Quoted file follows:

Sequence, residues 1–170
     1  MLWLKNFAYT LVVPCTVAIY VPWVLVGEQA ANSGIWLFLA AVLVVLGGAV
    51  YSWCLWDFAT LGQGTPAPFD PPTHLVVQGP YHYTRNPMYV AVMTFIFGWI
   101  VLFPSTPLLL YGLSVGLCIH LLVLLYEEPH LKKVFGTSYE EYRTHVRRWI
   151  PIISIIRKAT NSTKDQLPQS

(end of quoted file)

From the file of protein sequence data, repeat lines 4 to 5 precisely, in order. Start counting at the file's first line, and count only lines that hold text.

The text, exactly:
   101  VLFPSTPLLL YGLSVGLCIH LLVLLYEEPH LKKVFGTSYE EYRTHVRRWI
   151  PIISIIRKAT NSTKDQLPQS